In addition to the standard format outlined above, the two example lairs have various environmental effects that might cause damage or inflict conditions. There are emerging elements of the lairs that may trigger based on player character actions or creature actions.

Several NPCs are included that have enough backstory to explain their appearance in the lair encounter, and may also give them some hooks to tie them to more campaign events. It was also nice to see antagonist NPCs with notes on how to interact with them beyond combat.

The encounter difficulty section doesn’t just list changes to hit points, armor class, or hit bonuses, or even the number of characters to change the difficulty. It also suggests thematic changes that allow the encounter to be used with slightly different creatures that might have a similar theme to the default creatures in the encounter. 

In the example encounters, there are multiple ways included to pick up clues that might indicate an impending environmental effect, trap, ambush, or means of interacting and negotiating with an antagonist. There is a wide range of skills and proficiencies that will provide similar clues, in a way that seems contextual for how that information is derived.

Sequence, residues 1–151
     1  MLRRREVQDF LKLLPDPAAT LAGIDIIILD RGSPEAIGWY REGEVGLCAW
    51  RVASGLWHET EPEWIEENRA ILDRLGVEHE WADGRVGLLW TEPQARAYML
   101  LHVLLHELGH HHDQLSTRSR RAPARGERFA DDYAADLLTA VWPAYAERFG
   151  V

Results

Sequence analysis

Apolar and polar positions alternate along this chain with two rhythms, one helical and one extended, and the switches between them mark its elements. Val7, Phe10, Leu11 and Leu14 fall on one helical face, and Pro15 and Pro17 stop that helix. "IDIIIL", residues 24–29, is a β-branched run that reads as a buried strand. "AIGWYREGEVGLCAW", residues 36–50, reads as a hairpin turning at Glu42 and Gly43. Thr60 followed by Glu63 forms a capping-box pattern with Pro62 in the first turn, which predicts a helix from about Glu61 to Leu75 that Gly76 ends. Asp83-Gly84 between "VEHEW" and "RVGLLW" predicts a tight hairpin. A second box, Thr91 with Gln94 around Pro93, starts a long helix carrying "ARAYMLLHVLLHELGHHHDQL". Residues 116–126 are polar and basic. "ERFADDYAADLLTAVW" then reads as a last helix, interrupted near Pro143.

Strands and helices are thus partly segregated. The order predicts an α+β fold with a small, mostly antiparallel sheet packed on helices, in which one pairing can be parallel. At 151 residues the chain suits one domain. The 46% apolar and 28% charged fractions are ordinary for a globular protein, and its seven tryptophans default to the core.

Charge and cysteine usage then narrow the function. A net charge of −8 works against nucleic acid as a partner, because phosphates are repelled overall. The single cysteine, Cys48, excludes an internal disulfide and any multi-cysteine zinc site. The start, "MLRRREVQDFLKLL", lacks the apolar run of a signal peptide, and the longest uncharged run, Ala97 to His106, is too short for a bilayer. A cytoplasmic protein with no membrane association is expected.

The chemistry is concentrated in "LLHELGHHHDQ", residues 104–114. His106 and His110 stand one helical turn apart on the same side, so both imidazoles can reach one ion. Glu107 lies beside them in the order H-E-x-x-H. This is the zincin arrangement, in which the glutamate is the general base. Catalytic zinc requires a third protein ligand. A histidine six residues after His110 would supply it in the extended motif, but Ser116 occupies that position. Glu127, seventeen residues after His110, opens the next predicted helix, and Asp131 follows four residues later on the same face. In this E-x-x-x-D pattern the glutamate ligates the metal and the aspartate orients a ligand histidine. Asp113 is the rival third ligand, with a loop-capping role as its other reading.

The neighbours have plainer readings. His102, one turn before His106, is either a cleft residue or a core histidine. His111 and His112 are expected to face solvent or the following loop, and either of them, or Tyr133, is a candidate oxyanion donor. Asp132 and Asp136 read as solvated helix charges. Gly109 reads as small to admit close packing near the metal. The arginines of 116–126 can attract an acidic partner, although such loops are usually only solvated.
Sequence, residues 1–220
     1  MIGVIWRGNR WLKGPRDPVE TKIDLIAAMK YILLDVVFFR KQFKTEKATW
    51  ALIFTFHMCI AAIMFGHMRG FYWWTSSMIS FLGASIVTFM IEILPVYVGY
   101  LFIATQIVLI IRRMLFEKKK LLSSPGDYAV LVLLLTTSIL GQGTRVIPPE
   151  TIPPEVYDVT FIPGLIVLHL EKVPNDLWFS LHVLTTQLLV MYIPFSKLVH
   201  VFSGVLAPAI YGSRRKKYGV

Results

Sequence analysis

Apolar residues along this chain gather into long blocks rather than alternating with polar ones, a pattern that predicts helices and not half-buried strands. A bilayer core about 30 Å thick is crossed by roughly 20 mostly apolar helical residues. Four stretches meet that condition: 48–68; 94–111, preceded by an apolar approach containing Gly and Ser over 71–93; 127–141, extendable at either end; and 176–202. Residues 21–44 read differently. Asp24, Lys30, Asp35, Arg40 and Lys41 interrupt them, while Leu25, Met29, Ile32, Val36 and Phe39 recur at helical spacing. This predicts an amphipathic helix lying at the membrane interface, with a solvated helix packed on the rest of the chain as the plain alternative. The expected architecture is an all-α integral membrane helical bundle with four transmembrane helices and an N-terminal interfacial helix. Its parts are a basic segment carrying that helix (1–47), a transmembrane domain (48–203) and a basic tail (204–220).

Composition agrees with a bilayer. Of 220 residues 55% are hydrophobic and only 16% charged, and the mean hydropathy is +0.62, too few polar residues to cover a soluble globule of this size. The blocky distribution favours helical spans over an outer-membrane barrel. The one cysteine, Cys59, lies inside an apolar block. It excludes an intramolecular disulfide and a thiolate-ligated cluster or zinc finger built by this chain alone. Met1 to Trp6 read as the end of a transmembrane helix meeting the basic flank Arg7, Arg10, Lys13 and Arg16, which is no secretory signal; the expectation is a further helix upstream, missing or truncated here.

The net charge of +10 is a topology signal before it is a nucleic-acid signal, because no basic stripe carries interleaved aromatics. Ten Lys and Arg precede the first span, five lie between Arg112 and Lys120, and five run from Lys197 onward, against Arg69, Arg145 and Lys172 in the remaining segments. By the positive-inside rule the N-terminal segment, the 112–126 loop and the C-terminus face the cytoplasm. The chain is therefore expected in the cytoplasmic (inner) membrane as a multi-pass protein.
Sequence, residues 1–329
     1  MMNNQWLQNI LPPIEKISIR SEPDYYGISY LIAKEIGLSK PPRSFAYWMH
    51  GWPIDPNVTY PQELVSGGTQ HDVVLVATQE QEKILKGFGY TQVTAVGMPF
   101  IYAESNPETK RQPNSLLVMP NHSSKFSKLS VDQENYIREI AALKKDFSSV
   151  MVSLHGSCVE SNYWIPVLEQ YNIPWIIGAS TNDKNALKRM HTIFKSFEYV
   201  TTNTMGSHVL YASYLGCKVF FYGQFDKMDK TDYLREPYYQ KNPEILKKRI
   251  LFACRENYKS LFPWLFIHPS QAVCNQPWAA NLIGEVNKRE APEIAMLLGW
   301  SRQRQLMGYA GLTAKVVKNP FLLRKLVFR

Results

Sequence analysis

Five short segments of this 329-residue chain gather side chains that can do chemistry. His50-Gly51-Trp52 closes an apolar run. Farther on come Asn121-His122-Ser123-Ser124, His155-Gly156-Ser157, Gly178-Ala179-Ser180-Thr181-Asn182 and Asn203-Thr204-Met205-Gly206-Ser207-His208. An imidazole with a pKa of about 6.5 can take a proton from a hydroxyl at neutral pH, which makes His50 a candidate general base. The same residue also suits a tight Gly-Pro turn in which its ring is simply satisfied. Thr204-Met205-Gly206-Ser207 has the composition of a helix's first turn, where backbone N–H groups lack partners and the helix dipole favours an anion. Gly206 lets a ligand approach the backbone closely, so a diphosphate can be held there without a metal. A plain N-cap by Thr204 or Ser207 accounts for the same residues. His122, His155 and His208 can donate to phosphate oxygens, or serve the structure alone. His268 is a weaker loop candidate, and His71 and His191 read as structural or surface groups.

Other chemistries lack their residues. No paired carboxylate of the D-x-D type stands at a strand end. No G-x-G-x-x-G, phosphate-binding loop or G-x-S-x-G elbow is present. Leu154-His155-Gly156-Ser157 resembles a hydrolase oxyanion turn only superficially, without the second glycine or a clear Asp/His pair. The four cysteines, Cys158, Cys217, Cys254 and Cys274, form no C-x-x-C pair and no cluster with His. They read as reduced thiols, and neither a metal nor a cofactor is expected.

Seeds of Advice

In addition to the lair building advice sample provided, there are multiple sidebars included in the material that I saw that includes advice on low-level adventuring, expectations, and tone, determining the loyalty of minions in encounters, modifying existing lairs, and justification for why boss monsters do what they do. I’m always a fan of getting inside the head of the designers, both so that some decisions in the product will be more transparent, and so the reader can contextualize how much the designer’s priorities align with their own.